Some more fun Akai Katana slowdown pics

As an extra footnote to the CPU Slowdown post about Akai Katana, here’s two more fun pictures, showing other stuff that can happens.

First, there are actually some rare occasions where Blitter induced slowdown can matter. This happens very rarely in Akai Katana, but sometimes when there’s a lot of draws going on, the Blitter processing takes more than a frame, and we can see the CPU repeatedly doing ready checks by pulsing CS6.

As mentioned earlier, this is very infrequent in this game, and almost all slowdown is just CPU being slow.

The other fun thing is that the CPU often does enough work that it doesn’t even have time to process it in two frames, which means several frames of slowdown. The example below shows CPU processing and waits causing two extra frames of slowdown, but more can happen too.

It really feels like this was rushed out without much thought given to performance.


CV1000 CPU Slowdown investigated

When looking at CV1000 Blitter performance, one thing I noticed was that behavior seemed to differ heavily between games, and on some games, despite not seeing long Blitter operation lists, there is heavy slowdown.

The main offender here is Akai Katana, which will have very heavy slowdown when in Spirit mode, reflecting bullets. For some PCB footage, here’s an old video I made.

This slowdown comes despite not a lot of draws happening, which indicates that it’s related to CPU. I went ahead and verified this.

When there’s no slowdown and game runs on full speed, we can see the following behavior.

For captures below, the signals from top to bottom are:

  • SH-3 BUS Clock (CKIO)
  • IRQ2 (VSYNC)
  • BREQ (Blitter requests operations)
  • CS3 (RAM CS)
  • CS4 (U2, EEPROM, Audio CS)
  • CS6 (Blitter command CS)

First here’s a non-slowdown section.

No slowdown.

When a VSYNC pulse triggers, Blitter operations kick off. These finish well ahead of the next VSYNC. When looking at CS3 pulses, we can see that these become much less frequent a while before VSYNC. This is when the CPU has finished executing game logic and is waiting for the next frame. Since logic finished before a new pulse, things are fine here.

Now lets look at that chunky Akai Katana slowdown.


The main difference here is that the CPU is actively doing work longer than a single frame, as can be seen by looking at CS3 working past the next IRQ2 pulse. This means that the CPU will ignore the interrupt, and then start spin-waiting for a new one. This causes one frame of slowdown.

So what does that mean?

For some games like Akai Katana, getting the Blitter timing accurate is not going to do anything for accuracy in emulation.

What is instead needed is work on the SH-3 emulation.

Current MAME emulation of the CPU does not support the wait states introduced by RAM accesses that either are uncached, or results in cache misses. The actual cache behavior is described in-depth in the SH-3 datasheet an should be rather simple to implement, but getting the wait-state handling in place seems pretty hard (especially with dynamic recompilation enabled).

There’s also wait states for stuff like U2, Audio, EEPROM, … accesses, but compared to RAM this doesn’t seem to be a big deal.

For some other CV1000 games, the Blitter timing does matter though, so getting both parts right is needed to get something that is truly behaving similar to the actual boards.


Research into CV1000 Blitter performance and behavior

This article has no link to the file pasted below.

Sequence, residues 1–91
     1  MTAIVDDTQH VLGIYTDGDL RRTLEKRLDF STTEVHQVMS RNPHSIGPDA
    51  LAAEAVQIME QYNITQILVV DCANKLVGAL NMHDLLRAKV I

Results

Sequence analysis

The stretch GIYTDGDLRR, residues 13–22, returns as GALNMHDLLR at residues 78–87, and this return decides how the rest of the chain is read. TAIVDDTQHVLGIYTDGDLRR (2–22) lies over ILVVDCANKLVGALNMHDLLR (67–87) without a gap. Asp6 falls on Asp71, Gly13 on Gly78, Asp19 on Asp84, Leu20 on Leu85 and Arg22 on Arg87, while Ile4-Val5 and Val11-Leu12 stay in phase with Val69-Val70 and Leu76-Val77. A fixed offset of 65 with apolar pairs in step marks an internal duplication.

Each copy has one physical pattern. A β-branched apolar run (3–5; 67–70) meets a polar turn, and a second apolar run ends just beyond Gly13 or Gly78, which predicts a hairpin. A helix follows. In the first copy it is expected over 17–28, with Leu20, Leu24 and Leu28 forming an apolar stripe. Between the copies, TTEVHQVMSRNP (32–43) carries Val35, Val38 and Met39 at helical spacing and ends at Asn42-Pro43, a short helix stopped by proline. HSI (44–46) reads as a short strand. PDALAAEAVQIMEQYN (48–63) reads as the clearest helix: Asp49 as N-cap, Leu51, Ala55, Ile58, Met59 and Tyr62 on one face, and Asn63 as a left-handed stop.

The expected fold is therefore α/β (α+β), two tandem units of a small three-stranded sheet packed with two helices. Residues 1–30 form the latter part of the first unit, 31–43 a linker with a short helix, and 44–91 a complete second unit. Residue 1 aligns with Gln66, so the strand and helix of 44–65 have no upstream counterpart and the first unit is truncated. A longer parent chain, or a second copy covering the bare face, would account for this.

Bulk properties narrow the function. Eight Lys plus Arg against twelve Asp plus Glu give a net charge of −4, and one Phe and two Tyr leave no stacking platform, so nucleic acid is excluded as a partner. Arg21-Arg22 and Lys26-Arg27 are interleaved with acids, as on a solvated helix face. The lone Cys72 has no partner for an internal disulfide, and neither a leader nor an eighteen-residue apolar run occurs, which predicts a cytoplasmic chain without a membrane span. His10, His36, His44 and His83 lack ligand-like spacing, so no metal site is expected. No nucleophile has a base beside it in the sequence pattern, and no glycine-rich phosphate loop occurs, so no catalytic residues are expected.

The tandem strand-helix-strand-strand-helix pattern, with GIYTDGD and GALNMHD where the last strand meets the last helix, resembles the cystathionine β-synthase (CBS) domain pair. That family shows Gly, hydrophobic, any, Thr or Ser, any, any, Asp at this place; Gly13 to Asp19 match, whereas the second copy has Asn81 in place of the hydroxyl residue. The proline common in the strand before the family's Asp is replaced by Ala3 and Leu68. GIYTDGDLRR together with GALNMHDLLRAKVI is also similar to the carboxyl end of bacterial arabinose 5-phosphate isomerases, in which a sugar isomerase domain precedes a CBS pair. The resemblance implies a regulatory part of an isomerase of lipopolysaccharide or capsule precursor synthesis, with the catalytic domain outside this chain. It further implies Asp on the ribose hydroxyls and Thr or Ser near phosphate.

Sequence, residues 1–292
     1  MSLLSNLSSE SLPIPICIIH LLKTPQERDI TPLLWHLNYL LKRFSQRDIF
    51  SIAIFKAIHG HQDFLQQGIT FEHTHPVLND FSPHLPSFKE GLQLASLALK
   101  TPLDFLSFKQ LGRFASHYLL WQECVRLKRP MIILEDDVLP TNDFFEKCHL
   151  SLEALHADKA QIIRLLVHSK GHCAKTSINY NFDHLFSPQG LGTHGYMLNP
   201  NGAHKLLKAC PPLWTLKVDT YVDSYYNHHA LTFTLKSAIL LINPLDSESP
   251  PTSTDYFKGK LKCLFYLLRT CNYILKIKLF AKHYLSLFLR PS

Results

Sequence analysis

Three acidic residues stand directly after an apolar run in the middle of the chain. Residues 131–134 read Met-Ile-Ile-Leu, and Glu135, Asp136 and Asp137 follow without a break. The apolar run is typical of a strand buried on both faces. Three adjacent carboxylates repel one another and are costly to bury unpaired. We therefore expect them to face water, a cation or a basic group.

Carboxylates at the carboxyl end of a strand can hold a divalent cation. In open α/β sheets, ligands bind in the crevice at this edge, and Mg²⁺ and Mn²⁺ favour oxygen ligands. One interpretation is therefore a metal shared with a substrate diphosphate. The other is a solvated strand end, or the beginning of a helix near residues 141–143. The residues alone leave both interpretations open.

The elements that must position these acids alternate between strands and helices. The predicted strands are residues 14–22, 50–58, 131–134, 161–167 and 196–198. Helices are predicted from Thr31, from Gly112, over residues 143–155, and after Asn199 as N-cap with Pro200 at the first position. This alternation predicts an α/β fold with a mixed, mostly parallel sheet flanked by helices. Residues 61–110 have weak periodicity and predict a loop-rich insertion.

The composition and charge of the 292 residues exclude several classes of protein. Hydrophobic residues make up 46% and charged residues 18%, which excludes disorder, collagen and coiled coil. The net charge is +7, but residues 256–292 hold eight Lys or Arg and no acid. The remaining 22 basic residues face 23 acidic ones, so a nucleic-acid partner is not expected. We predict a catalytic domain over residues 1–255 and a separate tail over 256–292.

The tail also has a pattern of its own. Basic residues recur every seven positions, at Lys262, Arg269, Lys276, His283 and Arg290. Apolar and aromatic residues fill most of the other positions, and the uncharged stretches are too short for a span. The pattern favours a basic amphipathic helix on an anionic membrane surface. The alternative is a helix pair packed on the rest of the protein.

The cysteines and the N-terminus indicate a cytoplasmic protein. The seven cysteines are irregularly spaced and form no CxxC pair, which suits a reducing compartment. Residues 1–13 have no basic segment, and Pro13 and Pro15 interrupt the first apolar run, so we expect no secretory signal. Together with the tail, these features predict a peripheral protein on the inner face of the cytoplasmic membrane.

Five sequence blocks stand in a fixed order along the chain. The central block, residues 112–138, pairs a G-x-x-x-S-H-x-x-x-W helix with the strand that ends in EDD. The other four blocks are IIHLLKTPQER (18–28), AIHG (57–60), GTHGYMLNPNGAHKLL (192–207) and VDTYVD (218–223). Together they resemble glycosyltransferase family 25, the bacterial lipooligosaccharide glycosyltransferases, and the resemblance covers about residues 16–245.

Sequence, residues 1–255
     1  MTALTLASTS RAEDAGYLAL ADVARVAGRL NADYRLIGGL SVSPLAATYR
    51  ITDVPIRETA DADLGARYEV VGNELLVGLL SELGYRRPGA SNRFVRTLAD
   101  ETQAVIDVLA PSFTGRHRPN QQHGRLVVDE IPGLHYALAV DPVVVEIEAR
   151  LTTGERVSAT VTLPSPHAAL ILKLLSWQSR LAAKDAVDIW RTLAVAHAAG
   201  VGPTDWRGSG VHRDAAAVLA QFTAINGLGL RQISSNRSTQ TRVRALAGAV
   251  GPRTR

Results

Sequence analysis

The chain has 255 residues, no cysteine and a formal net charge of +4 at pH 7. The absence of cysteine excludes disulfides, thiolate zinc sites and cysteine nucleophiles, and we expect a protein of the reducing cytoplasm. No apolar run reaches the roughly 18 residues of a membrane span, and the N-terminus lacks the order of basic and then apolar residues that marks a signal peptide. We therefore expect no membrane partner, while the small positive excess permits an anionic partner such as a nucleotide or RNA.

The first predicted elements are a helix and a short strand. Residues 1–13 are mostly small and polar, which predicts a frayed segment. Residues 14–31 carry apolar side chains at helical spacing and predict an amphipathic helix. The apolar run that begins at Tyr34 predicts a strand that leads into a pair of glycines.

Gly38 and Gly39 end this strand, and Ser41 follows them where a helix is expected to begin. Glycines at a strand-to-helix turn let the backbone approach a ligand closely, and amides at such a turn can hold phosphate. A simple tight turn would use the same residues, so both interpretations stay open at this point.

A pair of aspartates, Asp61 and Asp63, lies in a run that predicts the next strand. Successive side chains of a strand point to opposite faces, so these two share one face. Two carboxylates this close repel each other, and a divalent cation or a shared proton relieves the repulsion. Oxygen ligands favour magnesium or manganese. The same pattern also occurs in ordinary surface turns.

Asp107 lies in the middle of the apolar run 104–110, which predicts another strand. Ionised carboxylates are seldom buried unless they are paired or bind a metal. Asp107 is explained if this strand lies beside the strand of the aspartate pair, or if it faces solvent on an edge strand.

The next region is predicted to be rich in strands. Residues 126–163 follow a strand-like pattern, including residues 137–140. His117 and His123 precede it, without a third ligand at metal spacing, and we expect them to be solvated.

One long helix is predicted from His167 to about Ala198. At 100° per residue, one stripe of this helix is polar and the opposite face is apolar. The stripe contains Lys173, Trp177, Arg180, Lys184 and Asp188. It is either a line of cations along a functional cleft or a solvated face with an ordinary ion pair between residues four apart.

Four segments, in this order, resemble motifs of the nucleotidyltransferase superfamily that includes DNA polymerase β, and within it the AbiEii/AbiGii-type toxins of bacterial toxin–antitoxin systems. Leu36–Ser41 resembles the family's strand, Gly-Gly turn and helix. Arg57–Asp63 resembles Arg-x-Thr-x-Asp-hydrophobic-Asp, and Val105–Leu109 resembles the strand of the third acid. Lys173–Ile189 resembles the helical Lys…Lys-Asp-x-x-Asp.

I’ve spent some time in December looking into CV1000 Blitter behavior to figure out how it performs in terms of slowdown. I feel I have a good understanding of how it works now, and have put together a doc describing it.

View/Download it here: CV1000_Blitter_Research_by_buffi.pdf

Why do this?

The current simulation of this Blitter in MAME is quite impressive as a high-level reproduction, but there doesn’t seem to have been much time spent researching the timing of operations.

This document aims to document how the behavior and timing of the Blitter actually works, and people can utilize this to make something that’s mostly accurate.

Also it is very fun to attach a Logic Analyzer to a PCB and figuring out how it works.

Preemptively Answered Questions

Q: But what about tuning Blitter Delay in MAME
A: Trying to tune the existing Blitter Delay slider in MAME doesn’t really make any sense, since the slowdown introduced from it doesn’t have anything to do with how it works on real hardware. It’s still arguably better than no slowdown at all, which used to be the other option, but that’s about it.

Q: Will this make CV1000 emulation run with proper slowdown?
A: Probably not really. While this should make it possible to have the Blitter part of emulation more accurate, there’s still no emulation of SH-3 Wait States either, which means that slowdown that’s due to CPU not having time to finish processing before VBLANK due to waiting will still not be accurate. I have no idea how much this matters for most games.’

Q: How much work is it to implement this?
A: It should be very simple. And the simplest thing to do would be:

  • Rip out all the existing Blitter delay logic.
  • When sending a Command to start Blitter Operations, estimate the time they will take to compute.
  • Don’t return “Ready” for the Ready Requests until that time has passed.

This still doesn’t reflect how it’s performs on real hardware (where Operations are running concurrently with the CPU, and requesting new Operations when the existing ones are done executing), but in practice I don’t think that should really matter in terms of experienced gameplay performance.


If you have feedback on the document, or suggestions for further work, please reach out to me on Arcade-Project forums, Github or in comments on this blog.